Garnace’s dedication towards teaching is ignited by her passion to mold the youth, the future of our country. “My passion is not only molding the minds of the youth, I give equal importance to molding the values of the young generation. It is fun and fulfilling to see our students evolve and become agents for change in the society where they belong,” Garnace said.
As officer of the Secondary Schools Press Advisers Association, she has been instrumental in the improvement of the contests and total performance in the National Schools Press Conference. Recently, she hosted all the delegates of the PSHS System in the campus and brought honors for the whole system and the region.
She served as resource person in the Upgrading Program learning Institute for Teachers (UPLIFT), where 1,500 teachers from Department of Education were trained by Philippine Science High School System mentors.
Garnace graduated cum laude in Secondary Education at Leyte Normal University. She wanted to be a doctor but due to poverty, has set aside her dreams. But medical field’s loss is education’s gain.
She has reaped Outstanding Teacher’s Award for seven consecutive years and was awarded the Outstanding School Paper Adviser of the Division of Leyte in 2012.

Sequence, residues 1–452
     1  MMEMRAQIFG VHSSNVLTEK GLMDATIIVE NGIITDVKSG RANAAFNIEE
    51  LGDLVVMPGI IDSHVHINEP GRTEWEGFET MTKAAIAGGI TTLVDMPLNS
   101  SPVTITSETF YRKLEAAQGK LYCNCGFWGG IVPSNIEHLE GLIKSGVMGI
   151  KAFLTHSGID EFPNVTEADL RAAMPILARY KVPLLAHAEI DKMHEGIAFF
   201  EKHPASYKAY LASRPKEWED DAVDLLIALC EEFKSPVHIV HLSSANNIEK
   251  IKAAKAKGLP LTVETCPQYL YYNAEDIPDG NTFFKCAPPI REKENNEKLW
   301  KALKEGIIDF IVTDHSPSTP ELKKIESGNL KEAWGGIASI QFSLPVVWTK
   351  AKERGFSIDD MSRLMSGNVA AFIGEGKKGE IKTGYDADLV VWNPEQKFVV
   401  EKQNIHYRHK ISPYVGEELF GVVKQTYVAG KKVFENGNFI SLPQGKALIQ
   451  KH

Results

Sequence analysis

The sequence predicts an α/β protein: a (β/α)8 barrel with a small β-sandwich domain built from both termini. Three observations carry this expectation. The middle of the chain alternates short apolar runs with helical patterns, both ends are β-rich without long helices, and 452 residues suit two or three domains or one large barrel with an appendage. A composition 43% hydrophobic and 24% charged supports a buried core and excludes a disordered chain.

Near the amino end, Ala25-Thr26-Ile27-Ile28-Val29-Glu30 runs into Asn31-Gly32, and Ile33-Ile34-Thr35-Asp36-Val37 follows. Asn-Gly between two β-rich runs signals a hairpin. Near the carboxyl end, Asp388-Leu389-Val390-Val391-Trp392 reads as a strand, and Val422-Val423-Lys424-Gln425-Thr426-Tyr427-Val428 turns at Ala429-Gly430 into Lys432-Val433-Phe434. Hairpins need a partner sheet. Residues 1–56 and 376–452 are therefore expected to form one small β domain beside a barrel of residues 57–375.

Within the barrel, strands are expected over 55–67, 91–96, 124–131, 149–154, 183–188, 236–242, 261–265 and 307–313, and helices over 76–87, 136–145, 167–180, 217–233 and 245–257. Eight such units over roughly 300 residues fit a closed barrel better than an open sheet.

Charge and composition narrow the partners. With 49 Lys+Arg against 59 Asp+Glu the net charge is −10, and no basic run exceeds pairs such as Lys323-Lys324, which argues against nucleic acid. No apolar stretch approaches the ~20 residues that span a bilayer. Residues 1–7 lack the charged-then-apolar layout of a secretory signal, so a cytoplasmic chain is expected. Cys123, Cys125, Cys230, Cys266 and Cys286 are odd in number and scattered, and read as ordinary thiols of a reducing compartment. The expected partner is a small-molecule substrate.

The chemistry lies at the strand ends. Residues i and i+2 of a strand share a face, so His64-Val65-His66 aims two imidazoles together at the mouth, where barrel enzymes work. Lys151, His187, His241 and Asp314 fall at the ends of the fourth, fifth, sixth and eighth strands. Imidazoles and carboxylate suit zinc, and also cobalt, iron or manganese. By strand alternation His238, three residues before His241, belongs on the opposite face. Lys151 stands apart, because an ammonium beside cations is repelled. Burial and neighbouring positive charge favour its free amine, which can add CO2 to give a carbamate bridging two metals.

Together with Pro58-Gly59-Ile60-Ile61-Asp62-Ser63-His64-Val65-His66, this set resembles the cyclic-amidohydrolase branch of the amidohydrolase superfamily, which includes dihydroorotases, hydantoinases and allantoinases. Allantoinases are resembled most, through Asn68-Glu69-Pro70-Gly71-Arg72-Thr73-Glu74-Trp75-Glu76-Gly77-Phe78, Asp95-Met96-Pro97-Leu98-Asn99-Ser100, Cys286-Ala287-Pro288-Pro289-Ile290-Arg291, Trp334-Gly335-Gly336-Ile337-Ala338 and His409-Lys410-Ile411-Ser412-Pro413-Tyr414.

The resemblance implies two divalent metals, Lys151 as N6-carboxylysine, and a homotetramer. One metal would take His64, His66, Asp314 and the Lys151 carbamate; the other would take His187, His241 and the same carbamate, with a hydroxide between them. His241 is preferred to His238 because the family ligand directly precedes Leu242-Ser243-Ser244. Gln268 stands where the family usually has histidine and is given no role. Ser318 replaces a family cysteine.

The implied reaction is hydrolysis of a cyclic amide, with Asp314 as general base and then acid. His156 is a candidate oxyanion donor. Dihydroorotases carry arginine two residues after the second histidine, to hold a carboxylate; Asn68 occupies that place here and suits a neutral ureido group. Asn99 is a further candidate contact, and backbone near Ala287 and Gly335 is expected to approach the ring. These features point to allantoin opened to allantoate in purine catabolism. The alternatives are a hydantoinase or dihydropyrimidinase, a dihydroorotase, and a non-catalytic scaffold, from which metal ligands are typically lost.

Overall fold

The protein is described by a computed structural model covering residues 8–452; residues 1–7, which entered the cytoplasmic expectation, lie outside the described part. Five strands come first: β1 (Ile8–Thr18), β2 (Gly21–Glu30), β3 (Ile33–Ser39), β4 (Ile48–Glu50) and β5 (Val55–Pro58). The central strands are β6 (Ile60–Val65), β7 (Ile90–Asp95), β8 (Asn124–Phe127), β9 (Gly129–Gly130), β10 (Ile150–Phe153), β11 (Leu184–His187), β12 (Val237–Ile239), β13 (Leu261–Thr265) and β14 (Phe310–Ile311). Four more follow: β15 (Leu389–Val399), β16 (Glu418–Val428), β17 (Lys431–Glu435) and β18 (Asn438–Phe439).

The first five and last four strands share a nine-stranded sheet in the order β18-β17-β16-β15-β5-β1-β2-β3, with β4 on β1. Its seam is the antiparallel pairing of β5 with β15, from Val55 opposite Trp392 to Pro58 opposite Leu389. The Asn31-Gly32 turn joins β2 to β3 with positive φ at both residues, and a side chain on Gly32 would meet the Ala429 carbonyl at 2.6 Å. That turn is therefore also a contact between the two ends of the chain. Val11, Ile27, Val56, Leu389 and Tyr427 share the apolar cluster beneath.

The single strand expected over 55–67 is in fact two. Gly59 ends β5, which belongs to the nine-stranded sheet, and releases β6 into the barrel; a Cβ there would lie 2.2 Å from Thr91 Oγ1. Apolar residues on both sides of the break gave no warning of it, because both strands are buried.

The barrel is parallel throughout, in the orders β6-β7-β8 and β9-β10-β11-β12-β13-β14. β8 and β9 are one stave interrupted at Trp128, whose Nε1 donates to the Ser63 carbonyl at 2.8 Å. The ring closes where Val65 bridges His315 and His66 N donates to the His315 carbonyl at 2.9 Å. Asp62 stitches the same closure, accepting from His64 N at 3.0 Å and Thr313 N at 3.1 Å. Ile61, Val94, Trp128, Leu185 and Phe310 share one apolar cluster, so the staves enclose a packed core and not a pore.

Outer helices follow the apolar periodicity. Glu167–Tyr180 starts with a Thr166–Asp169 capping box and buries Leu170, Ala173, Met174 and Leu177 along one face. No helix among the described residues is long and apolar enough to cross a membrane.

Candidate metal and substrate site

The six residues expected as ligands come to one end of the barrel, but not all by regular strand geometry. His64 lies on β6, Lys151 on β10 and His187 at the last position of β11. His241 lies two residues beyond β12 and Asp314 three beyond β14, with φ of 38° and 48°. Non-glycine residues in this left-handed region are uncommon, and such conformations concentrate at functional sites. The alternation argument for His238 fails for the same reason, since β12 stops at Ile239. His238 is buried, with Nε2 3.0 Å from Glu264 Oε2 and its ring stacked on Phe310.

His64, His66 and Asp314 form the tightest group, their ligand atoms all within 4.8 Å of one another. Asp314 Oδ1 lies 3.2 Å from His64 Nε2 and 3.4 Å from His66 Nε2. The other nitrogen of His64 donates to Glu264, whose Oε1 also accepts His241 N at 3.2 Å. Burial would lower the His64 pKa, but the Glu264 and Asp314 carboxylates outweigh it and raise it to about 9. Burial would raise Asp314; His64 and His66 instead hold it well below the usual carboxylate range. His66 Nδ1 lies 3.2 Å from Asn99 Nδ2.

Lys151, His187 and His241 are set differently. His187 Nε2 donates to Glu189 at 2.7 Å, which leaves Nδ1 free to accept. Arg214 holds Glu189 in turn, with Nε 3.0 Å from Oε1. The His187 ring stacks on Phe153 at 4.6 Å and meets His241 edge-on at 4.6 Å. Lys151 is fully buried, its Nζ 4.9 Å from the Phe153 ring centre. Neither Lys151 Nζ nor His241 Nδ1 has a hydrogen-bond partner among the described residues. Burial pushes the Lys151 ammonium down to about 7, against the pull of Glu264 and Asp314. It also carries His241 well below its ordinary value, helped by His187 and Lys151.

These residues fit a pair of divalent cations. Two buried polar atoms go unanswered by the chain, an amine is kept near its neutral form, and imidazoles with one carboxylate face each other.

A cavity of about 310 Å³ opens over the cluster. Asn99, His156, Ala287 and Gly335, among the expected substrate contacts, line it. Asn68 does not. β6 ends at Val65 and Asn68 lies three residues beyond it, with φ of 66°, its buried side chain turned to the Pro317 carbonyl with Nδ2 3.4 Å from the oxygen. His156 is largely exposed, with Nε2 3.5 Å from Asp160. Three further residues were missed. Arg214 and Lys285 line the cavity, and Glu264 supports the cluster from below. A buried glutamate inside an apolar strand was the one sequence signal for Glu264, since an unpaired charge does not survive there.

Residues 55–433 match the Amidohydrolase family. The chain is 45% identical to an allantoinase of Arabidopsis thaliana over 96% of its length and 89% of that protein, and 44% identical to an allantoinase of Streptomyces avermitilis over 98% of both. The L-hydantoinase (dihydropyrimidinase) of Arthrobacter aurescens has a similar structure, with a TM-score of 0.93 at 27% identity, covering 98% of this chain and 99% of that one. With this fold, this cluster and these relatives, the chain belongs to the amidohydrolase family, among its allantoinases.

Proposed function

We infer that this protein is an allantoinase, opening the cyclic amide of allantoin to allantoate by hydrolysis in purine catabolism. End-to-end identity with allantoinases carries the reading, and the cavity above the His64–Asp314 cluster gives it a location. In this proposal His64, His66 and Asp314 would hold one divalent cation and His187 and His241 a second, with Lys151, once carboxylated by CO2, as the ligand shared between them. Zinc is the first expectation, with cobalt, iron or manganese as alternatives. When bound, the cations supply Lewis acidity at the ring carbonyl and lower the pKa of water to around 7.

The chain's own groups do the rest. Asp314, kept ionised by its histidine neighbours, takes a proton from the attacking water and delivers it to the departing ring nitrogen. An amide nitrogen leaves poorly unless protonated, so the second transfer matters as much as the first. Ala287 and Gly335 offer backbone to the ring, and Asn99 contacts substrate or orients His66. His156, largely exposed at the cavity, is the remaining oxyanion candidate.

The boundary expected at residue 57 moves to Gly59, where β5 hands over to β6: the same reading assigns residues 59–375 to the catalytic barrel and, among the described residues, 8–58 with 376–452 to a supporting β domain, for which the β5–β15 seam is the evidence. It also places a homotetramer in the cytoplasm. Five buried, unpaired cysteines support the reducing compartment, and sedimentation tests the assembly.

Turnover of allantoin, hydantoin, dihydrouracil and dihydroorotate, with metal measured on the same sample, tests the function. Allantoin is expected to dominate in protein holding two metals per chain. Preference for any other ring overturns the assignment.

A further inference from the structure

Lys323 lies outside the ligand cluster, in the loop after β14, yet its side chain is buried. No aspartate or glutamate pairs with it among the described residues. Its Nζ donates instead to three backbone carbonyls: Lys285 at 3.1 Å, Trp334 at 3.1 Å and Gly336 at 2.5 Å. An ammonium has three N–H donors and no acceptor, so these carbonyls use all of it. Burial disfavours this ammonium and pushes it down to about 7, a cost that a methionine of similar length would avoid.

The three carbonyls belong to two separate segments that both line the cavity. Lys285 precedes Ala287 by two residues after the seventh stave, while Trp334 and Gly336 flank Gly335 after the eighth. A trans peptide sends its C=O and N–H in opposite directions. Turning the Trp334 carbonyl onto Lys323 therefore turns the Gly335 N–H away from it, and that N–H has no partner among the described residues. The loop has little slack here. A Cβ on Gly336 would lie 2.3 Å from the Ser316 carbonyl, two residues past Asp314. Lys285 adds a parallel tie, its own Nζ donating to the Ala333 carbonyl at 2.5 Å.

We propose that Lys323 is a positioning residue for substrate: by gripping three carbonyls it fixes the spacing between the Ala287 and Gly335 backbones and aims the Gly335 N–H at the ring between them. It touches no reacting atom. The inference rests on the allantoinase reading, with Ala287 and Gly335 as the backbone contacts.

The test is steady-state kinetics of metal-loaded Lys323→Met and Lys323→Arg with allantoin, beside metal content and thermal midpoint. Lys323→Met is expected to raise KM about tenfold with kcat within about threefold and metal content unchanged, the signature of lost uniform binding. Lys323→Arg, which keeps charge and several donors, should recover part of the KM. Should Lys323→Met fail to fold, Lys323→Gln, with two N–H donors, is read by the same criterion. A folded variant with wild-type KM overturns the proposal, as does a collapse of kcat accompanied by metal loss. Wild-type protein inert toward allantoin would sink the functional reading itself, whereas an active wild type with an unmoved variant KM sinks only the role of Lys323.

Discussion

Behind the blackboard, Garnace is a wife and mother of four children. As coordinator of Family and Life Apostolate, together with her husband, they conducted pre-cana seminars, mass weddings, couple’s retreat, family vigil, family celebrations and gift-giving.
She and her husband are active members of the Brotherhood of Christian Businessmen and Professionals. She is never too busy to be of service to the community.
“My husband, Dr. Reynaldo Garnace, newly appointed director of PSHS-EV, and I have shared testimonies of our lives to different parts of the region. We also helped members of the extended family and even strangers pursue their studies. We look it as our payback service for the privileges and benefits we enjoyed while we were enjoying support and scholarship in college,” Garnace said.
She reminisced how her family survived by hand-to-mouth existence. Her father was a fisherman and her mother a plain housewife. “If there was no catch, there was no food in the table,” she said teary-eyed. As the only girl and eldest in a brood of 7, she spent her childhood days vending fish or vegetables from her grandmother’s farm in Tanauan, Leyte.